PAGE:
How Long Will It Take to Get My Record Expunged?
This depends partially on how your case was resolved. If your case was dismissed with prejudice, you can file for expungement immediately, but if your case was dismissed without prejudice, you may have to wait two years before the process can begin. Once the process is started, however, it will take 4-6 months to complete.
Will There Be a Hearing to Get My Record Expunged?
Possibly. After your petition is filed, the district attorney or alleged victims have up to 45 days to file an objection to your expungement. If a written objection is filed within this period, the Court will schedule a hearing. If no objection is filed, the Court will have enough information to make a ruling, and no hearing will take place.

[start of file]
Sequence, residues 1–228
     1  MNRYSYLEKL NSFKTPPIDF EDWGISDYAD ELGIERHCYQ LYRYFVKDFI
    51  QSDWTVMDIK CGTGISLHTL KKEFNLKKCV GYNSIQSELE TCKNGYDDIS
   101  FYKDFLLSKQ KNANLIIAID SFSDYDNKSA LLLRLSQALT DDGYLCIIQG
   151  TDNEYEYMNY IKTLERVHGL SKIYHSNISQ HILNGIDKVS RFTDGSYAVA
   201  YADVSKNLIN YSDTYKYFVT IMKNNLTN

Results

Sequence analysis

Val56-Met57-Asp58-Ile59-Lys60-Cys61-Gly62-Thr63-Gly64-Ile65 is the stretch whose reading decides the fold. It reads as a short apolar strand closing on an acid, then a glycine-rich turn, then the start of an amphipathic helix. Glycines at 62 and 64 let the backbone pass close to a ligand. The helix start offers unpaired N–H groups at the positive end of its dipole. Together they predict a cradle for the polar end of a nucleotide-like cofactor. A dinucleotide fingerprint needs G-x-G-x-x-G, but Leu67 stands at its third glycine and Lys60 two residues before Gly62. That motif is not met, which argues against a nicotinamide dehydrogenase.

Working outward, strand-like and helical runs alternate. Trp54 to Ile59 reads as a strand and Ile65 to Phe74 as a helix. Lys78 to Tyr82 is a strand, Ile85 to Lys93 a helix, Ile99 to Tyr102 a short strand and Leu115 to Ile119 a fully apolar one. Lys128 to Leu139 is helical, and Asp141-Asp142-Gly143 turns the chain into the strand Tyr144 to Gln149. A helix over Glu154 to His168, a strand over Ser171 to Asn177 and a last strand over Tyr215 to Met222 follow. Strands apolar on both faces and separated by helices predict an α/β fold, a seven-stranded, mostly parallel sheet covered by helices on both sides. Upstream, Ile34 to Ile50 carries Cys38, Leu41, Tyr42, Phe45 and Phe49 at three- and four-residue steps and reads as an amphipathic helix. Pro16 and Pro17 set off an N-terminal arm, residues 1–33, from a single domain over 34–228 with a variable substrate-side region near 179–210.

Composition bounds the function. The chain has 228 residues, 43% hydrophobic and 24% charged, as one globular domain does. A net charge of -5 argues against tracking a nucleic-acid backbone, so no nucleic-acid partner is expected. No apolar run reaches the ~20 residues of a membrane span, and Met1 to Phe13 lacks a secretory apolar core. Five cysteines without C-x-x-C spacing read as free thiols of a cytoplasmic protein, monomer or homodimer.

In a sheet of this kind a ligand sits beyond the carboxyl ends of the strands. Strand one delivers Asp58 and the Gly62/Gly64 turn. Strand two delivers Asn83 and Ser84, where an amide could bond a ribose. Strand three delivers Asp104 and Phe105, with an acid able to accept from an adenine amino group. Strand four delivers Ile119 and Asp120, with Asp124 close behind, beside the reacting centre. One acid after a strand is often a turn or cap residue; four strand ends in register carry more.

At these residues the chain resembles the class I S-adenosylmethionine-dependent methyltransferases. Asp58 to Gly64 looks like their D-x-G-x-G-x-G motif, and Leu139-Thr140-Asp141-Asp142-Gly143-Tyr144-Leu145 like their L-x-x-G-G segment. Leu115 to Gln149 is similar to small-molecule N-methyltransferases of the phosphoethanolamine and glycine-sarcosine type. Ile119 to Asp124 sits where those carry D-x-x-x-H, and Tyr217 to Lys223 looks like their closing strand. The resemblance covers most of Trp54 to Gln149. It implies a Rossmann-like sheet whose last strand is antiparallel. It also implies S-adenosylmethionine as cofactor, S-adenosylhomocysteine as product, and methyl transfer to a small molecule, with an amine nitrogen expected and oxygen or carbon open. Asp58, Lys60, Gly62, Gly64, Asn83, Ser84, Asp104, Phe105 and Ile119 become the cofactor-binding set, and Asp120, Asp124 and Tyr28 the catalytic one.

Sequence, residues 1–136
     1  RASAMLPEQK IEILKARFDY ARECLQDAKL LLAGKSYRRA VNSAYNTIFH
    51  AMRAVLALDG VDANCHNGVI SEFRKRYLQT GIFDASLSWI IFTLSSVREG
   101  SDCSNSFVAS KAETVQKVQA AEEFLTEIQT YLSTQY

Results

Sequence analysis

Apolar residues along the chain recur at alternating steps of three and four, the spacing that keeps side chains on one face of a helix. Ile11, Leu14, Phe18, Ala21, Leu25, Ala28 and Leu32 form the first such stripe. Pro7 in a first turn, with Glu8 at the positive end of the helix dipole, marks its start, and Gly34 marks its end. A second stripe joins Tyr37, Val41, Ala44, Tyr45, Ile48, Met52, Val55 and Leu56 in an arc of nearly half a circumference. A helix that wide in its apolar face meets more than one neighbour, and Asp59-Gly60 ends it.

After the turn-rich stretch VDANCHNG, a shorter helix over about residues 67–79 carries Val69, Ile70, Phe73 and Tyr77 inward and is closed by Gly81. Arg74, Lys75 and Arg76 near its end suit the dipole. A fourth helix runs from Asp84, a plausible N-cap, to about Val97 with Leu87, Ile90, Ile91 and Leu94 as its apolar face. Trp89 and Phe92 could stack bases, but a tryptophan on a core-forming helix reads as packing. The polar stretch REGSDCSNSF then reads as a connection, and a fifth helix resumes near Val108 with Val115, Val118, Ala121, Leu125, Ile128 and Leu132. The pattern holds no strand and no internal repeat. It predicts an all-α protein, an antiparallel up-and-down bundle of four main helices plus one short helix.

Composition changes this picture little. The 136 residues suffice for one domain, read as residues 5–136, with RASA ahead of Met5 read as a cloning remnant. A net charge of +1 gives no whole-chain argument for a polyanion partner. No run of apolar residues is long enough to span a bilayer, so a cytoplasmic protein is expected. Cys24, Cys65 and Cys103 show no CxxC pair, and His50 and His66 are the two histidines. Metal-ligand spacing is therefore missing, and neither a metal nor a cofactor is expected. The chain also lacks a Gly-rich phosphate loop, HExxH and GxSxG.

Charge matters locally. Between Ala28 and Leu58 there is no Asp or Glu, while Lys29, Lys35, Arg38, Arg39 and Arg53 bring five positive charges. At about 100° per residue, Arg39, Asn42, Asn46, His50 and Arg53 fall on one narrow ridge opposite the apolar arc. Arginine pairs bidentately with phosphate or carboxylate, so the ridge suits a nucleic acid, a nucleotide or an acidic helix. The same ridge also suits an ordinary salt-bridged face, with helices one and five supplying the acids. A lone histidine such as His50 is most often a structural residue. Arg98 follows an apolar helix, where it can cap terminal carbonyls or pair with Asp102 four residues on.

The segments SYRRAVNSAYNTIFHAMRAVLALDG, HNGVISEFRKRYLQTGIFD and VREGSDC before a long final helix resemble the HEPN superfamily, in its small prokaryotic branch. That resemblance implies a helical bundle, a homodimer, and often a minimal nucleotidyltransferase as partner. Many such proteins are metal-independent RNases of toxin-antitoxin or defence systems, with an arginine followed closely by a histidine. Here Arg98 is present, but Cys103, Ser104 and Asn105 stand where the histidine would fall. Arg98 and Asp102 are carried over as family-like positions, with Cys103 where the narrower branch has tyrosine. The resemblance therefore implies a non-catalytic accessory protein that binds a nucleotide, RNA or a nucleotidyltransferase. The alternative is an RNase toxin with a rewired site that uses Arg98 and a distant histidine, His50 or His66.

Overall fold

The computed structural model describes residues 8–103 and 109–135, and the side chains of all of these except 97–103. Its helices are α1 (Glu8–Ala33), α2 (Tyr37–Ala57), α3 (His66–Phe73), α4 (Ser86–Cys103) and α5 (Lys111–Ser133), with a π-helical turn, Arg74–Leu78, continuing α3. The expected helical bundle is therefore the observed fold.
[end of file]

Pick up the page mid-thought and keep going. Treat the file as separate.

Can I Get My Record Expunged If I Have Unpaid Fines, Fees, Or Restitutions?
No. Any court costs, restitution, fees, or fines must be paid off entirely before an order can be issued to expunge your record.
Can Criminal Convictions Be Expunged?
No. Only non-felony or non-violent felony charges which resulted in a non-conviction are eligible to be expunged. Examples of eligible cases include instances such as: dismissal with or without prejudice, dismissal after completion of a drug court or pretrial diversion program, or any arrangement or plea which resulted in a non-conviction.